A United Nations (UN) report reveals Portugal is on track to have the world’s “third oldest population” by 2030.
In just 15 years, the country’s average age will be 50.2.
Only Japan (51.5) and Italy (50.8) expect to have older populations.
If calculations are correct, Portugal’s population will drop from today’s 10 million to 9.8 million by 2030, 9.2 million by 2050 and just 7.4 million by 2100.
The report claims Europe is going down a similar road, with continents like Africa and Asia redressing the balance in spades.
By 2022, India is expected to have the world’s largest population (1.4 billion), taking over from China, while Nigeria – ominously struggling with extremist groups like Boko Haram – is also expecting a huge population boom.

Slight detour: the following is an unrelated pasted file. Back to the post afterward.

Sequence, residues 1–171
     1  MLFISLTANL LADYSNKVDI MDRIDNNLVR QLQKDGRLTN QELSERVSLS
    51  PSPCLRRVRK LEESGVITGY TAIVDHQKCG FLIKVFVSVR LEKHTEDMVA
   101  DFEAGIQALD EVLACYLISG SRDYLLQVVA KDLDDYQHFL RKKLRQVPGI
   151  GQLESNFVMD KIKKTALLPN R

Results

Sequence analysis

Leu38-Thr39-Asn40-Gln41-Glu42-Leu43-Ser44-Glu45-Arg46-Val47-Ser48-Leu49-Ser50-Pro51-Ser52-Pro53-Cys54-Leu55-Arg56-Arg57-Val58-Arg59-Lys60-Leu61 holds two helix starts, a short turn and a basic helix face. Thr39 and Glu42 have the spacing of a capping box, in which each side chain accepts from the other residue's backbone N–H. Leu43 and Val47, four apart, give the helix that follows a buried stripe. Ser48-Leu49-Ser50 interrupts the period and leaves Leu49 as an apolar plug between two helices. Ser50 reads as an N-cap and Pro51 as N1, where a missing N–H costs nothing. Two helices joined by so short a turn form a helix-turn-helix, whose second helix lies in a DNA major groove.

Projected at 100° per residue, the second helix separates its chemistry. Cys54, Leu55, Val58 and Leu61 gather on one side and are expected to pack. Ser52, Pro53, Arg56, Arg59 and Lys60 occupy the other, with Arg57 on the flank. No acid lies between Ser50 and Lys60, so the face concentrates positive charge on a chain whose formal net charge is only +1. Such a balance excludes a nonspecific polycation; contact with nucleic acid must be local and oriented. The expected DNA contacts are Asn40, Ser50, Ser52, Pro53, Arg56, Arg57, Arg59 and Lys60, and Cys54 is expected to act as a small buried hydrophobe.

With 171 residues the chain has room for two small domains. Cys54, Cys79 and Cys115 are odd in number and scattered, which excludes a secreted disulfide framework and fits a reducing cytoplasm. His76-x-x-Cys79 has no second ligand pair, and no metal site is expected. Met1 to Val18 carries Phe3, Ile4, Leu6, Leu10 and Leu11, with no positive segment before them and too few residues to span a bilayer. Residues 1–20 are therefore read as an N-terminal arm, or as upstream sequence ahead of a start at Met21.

In the relatively close future, most of the world’s population will be found in countries like India, Nigeria, Pakistan, the Democratic Republic of Congo, Ethiopia, Indonesia and Uganda, warns the report “where it is increasingly hard to eradicate poverty and inequality, to combat hunger and malnutrition, and to expand educational enrolment and health systems”.
Lack of birth control is one of the main causes for these increasing populations.
Further data shows the world’s current population of 7.3 billion will reach 8.5 billion by 2030, 9.7 billion by 2050 and 11.2 billion by 2100.
“World Population Prospects: The 2015 Revision” was launched on Wednesday (July 29) by the UN’s Department of Economic and Social Affairs.
It puts recent news of a much-awaited baby boom in Portugal (click here “Oldie” Portugal registers new baby boom) into grim perspective.